Elsewhere on the team, Colussi-Pelaez, Boyce, Rachel Spicer, Bridgey Caquatto, and Kiersten Wang can all vault for at least a 9.800 if called upon. My choices for the remaining spots would be B Caquatto and Wang as I think they have the most potential, but it’s a close race. Wang reinjured her groin over Christmas, so if she is not able to come back, all of the other realistic contenders should have a shot at that final spot. Without the big vaults from King and Dickerson, we may not see those 49.6 days from Florida on this event this year, but regular 49.4s should still be a comfortable, common score once the lineup is together.
Once again, the Gators make their best case for the title on bars. Bars also happens to be the event where they are losing the least since Stageberg didn’t do bars and Ashanee had already been bumped from the lineup by the end of last season. Nearly everyone is returning, and no team is going to be able to match the scoring from M Caquatto, Sloan, and Johnson. Oklahoma will probably come closest, but expect Florida to be the #1 bars team for the majority of the season. For each of the big three at the back of this lineup, 9.900 is a regular, fine score. It’s a yawn. They can, and expect to, do better than that every time and receive 9.950s for sticks.
In the front half of the lineup, Florida has a whole mess of options. Nine members on this team do bars, and all nine could conceivably come in for a 9.850 at some point. Kytra Hunter stepped up her bars game to a massive degree last year with a sack of 9.900s and should be here again every week doing the same. That she’s still only the fourth-best bars worker on this team tells you everything you need to know about the situation on this event. Hunter won’t be far behind the scores the top three are recording, and while there could be some competition for the remaining spots, Bianca Dancose-Giambattisto and Bridgey Caquatto seem most likely. BDG has the precision to get 9.9s, and B Caquatto’s release amplitude and difficulty puts her a step above. Boyce and Our Lady of Perpetual Stalders, Colussi-Pelaez, are both legitimate contenders, though may be just a tad behind in the DLO department.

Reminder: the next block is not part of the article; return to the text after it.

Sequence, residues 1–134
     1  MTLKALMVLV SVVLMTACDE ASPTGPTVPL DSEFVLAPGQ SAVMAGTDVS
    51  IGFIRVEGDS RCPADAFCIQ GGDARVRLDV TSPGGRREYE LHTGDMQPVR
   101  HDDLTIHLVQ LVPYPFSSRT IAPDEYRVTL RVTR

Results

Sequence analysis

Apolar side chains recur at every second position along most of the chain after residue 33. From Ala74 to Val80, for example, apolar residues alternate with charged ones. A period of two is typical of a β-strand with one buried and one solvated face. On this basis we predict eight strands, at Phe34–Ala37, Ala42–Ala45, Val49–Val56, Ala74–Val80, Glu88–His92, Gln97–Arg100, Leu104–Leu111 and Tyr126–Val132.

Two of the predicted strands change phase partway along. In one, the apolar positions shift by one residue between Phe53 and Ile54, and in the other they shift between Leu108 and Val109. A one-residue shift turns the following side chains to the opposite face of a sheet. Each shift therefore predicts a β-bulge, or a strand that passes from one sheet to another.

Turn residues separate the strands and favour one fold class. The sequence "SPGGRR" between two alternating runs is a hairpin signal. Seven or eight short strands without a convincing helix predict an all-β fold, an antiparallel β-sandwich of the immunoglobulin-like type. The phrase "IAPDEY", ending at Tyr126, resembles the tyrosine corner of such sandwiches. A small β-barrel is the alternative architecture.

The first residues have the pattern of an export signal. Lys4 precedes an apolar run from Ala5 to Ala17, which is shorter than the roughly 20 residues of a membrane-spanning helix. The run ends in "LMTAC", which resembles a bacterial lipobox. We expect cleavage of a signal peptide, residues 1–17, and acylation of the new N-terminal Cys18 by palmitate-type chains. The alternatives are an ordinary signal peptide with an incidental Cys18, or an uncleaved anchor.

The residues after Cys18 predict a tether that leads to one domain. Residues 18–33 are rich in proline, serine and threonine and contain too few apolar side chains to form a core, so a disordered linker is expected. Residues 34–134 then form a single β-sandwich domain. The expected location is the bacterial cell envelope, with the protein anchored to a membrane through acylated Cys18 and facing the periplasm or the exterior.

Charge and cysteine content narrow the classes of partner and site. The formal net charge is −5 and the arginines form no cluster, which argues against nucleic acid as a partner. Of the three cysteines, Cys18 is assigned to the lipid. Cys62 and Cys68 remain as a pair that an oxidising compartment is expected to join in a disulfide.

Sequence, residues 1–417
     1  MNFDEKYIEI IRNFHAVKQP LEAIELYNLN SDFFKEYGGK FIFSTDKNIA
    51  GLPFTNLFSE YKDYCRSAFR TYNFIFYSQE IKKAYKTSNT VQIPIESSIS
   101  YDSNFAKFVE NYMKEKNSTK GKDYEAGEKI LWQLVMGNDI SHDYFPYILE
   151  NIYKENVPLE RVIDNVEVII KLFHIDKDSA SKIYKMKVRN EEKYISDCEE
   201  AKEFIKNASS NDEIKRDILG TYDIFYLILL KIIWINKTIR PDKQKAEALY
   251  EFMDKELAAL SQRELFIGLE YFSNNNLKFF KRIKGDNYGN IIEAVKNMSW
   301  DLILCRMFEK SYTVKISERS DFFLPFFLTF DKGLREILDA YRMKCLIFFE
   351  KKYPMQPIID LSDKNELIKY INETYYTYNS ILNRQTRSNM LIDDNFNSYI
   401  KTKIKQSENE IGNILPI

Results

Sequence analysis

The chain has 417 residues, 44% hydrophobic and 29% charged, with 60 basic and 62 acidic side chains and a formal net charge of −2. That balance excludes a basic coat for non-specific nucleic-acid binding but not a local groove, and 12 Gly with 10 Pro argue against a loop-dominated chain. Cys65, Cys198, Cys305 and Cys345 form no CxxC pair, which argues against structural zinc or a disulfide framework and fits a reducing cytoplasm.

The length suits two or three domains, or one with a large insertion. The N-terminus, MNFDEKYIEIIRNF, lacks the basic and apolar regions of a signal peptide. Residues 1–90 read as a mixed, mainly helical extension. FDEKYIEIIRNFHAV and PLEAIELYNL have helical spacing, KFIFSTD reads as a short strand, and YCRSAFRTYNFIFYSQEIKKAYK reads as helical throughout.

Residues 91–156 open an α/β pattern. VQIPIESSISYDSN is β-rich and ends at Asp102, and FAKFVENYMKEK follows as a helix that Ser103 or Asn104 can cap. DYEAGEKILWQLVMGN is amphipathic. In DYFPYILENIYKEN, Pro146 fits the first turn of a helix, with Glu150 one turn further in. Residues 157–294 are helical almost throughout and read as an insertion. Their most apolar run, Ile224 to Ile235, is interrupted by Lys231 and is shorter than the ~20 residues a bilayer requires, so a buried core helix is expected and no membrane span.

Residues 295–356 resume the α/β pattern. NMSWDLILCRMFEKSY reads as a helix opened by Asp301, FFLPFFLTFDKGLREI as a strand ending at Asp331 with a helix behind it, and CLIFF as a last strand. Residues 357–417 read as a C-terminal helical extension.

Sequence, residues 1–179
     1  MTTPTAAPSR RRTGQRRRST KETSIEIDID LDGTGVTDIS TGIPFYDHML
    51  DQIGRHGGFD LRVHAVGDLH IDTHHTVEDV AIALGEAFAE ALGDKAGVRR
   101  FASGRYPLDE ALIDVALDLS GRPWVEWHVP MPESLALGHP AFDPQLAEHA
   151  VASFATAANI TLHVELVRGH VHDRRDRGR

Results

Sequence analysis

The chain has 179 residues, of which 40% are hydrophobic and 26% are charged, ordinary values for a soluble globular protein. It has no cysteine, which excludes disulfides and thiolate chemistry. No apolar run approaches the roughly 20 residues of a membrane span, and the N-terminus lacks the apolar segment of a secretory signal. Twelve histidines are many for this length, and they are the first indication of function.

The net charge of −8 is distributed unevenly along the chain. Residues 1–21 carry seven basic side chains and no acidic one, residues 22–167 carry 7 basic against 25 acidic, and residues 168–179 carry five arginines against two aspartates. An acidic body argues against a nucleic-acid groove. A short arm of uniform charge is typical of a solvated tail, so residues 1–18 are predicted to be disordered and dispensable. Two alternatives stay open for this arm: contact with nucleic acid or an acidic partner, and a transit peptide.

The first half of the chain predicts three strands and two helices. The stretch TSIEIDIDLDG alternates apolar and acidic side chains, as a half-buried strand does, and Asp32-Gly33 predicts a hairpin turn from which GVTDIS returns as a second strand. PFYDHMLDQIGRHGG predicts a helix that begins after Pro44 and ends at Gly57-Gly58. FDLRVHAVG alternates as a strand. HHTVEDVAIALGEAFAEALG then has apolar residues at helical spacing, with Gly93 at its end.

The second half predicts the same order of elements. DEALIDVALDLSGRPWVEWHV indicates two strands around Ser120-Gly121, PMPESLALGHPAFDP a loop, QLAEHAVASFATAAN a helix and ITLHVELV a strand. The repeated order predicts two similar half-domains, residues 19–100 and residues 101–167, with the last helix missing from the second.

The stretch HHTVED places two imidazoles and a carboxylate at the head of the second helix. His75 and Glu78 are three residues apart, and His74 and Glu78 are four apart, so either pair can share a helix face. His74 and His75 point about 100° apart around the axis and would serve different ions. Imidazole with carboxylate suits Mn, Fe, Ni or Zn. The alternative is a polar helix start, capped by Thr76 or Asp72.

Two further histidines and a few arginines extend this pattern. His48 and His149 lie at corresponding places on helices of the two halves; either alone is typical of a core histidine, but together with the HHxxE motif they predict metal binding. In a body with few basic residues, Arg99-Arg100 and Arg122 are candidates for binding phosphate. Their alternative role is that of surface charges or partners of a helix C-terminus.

Last year, I predicted that Florida would get a 49.7 on bars at home at some point during the season. They peaked at 49.675 like losers, but I’m doubling down on my prediction and going for the same thing this season. A home 49.7 on bars will occur in 2014, and 49.5s will occur a lot.
If there was a trouble apparatus for the Gators last year, it was beam. Beyond the Super Six issue, they had falls here and there throughout the season, many more than in 2012. Still, they were one of the top teams on beam last year anyway and have a good case to remain one this year, especially with the 9.9ish likes of Mackenzie Caquatto and Bridget Sloan leading the scoring parade.
I’ll be interested to see if Sloan remains in the second position this year on beam and floor. It was a savvy decision by Florida to put her in the second spot last season because it forced the judges to go very high very early in the rotation, which is always good news for a team’s scoring. In her case, there was little risk of an early-lineup underscore because she’s The Bridget Sloan. You don’t underscore royalty. Sloan won the national AA title from the front half of the lineup, which is remarkable. No one else could have done that. Florida also had the luxury of making this choice because there were plenty of other 9.9s that could still go at the end of the lineups. Will they feel comfortable enough with their other 9.9s to do the same thing this year?